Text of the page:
Although the scale and variety of Conrad’s authorship are colossal, no author is perhaps more closely linked to a single text than Conrad is to Heart of Darkness. Critics equate Conrad with its main narrator, the arch-Englishman Marlow. But Conrad is the immigrant in the Western canon. Conrad, whom we are used to reading as an unwilling participant of colonialism, was an exiled subject of Russian colonialism. He was born in 1857 in what is now Ukraine and was previously Poland, as a Russian subject. He joined the French merchant navy at 15; qualified as a British sea captain; changed his name, nationality, and occupation; and became the first modern global author, writing in his third language (after Polish and French). In his fifties, living in the picturesque Kent countryside, he returned to the memories of his unsettling upbringing and wrote an unflinching novel on Russian despotism: Under Western Eyes (1911): “without doubt . . . the most deeply meditated novel that came from under my pen” (CL5 695). He originally planned to subtitle the text we now know as Under Western Eyes “A story of the present time” (CL4 62), which is eerily prescient. I argue that the novel offers an audacious voice of exile and dislocation, which is increasingly relevant in the wake of warring Russian despotism.
The novel starts with a rebel bombing on a menacing agent of autocracy, de P— . His name is censored. The event is modeled on the 1904 assassination of von Plehve, Imperial Russia’s Minister of the Interior. The instigator of the bombing, Haldin, seeks refuge in the room of his acquaintance, Razumov. Razumov, a third-year student of philosophy at St Petersburg University, is “a man of studious and retired habits” (5), preferring the peaceful light of his reading lamp to the heated revolutionary debates among his peers. Under the logic of autocracy, Razumov is no longer a promising student but a subversive, guilty by association. Razumov betrays Haldin’s unwanted trust and reports him to the authorities, who, in turn, recruit Razumov as an undercover agent.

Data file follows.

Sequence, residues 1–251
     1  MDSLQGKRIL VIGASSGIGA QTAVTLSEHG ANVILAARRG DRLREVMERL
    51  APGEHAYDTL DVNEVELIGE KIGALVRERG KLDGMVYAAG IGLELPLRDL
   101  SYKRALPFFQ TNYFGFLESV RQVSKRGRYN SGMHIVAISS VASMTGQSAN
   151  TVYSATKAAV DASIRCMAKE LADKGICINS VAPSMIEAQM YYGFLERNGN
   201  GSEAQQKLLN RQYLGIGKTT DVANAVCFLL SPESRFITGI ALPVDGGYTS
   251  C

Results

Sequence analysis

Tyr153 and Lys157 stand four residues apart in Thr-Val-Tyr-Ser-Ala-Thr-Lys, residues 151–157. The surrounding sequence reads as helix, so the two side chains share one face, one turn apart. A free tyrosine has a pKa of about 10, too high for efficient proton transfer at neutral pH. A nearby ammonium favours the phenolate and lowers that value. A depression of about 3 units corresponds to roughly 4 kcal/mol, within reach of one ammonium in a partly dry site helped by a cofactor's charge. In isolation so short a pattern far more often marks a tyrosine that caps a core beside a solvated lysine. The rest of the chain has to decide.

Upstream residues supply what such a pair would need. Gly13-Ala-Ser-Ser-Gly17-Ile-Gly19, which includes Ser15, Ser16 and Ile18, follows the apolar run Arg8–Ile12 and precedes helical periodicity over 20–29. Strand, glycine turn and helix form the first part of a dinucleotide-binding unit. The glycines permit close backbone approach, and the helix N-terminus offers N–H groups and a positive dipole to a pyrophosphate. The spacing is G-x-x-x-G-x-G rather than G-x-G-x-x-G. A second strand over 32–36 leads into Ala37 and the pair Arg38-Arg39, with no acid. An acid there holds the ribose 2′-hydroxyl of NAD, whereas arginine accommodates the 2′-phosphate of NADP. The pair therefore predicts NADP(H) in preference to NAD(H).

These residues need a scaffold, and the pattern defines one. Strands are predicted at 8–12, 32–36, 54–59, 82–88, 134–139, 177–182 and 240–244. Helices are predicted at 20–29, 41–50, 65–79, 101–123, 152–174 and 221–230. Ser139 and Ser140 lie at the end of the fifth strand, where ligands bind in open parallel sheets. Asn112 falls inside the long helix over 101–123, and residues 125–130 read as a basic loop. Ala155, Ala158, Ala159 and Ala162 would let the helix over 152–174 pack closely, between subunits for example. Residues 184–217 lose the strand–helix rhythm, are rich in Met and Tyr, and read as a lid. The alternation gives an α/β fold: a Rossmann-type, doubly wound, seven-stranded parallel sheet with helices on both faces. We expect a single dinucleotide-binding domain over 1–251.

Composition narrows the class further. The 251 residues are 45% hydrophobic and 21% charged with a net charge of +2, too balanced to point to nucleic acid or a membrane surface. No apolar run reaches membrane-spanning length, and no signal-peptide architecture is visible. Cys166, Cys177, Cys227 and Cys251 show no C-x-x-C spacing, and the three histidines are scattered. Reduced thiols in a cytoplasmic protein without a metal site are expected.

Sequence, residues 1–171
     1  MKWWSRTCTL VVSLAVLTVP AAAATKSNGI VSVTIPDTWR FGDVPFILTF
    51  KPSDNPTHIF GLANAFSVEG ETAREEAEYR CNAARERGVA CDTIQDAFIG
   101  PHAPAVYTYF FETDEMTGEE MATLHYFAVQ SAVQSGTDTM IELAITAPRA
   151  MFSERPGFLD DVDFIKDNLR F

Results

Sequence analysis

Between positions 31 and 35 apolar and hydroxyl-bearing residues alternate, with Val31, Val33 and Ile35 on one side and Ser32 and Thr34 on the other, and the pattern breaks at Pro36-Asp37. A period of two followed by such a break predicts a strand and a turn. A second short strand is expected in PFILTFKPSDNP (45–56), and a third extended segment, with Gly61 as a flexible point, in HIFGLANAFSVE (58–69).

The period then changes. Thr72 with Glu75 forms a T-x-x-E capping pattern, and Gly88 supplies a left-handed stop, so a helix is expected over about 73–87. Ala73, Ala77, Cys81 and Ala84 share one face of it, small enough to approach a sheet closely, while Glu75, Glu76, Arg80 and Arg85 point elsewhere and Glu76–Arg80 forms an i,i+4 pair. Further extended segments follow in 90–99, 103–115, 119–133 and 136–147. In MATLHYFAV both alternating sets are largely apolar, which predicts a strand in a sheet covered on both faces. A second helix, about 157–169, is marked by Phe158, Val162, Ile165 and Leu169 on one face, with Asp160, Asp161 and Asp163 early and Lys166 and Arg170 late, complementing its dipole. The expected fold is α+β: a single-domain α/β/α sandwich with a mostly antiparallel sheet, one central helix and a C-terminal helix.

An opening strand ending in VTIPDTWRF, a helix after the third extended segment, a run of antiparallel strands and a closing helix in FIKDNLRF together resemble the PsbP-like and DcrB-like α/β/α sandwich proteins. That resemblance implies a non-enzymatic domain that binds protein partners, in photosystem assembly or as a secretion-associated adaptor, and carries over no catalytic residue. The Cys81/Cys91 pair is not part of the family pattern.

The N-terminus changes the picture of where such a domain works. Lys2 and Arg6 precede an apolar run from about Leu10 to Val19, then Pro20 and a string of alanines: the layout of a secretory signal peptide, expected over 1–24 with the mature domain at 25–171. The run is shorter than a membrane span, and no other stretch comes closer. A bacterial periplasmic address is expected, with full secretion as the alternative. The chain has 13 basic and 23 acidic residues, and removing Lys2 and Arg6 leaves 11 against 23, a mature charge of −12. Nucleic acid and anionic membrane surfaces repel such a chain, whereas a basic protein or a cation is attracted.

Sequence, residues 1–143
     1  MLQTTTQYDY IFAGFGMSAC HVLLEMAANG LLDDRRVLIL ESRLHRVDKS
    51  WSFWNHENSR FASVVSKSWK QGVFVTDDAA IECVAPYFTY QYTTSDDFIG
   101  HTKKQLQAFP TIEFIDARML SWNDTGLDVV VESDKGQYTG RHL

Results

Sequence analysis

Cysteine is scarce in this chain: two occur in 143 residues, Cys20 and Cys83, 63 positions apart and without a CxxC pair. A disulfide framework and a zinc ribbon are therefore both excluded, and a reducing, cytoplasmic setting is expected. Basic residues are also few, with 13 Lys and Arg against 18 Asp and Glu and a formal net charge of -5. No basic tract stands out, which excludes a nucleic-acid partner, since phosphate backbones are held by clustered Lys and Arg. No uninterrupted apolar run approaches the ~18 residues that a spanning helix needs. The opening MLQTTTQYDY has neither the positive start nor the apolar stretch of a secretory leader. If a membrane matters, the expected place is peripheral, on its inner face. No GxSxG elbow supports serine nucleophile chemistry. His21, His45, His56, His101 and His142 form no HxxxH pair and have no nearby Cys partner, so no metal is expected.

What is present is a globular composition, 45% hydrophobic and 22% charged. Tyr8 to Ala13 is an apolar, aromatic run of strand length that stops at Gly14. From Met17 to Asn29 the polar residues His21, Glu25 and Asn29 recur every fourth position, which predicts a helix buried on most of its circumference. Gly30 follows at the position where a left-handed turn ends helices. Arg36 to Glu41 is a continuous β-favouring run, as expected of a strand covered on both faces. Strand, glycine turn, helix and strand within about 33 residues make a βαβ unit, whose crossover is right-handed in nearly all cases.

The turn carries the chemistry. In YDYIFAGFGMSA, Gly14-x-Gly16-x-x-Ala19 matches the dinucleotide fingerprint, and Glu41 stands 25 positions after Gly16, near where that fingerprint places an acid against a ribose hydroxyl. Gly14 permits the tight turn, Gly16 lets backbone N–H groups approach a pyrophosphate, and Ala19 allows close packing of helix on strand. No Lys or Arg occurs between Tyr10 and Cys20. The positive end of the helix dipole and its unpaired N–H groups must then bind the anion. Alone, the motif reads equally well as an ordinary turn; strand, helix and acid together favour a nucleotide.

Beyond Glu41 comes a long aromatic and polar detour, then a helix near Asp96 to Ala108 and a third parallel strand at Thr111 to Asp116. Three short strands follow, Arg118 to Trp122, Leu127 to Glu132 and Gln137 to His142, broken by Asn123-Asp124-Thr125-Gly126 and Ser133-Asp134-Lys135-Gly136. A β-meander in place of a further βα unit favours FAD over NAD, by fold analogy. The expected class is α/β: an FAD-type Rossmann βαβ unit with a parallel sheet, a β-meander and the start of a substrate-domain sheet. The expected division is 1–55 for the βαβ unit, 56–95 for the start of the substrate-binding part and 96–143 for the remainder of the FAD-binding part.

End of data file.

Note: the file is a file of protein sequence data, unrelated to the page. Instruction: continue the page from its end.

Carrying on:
The novel resembles Crime and Punishment in style and theme. Conrad, likely speaking as an aggrieved Russian subject, feigned he had hardly read any Dostoevsky. Yet Razumov, the protagonist, is Conrad’s Raskolnikov. Razumov is also a self-portrait. He resembles Conrad in his quiet disposition, introversion, and uneasy relationship to his native land and law.
Conrad internalized the profound ambivalence of its main protagonist. Conrad was the victim of Russian autocracy. He was also a member of the Polish nobility, the szlachta. He suffered from Russian despotism, but he also suffered from his father’s futile oppositions. Conrad was instinctively opposed to the political conditions that had shaped his life. Yet like Razumov, he was raised an orphan, and his most stable familial ties were to the soil and the nation. Razumov embodies these contradictions; he is a contrarian outsider who lives in moral solitude, and becomes an unwilling Russian spy who identifies himself with Russia: “I am it!” (163). Conrad’s own views on Russian Tsardom are anything but sympathetic. In an essay he labels it “a fantasy of madman’s brain” and a “figure out of a nightmare seated upon a monument of fear and oppression” (NLL 77).
Conrad’s characteristic writing style is to engage in a tug-of-war of clashing opinions. Under Western Eyes contrasts tsarist autocracy and arbitrary power with fanatic idealism and professional revolutionists. The novel is a tour-de-force of intermingling indirect voices, each clamoring for a distinct and persuasive perspective. A searching philosophical novel, it seeks “to capture the very soul of things Russian” (CL4 8) in the long short story form. Under Western Eyes renders the undoing of its protagonist and “the moral conditions ruling over a large portion of this earth’s surface” (58), in a manner that reflects our time as much as Conrad’s.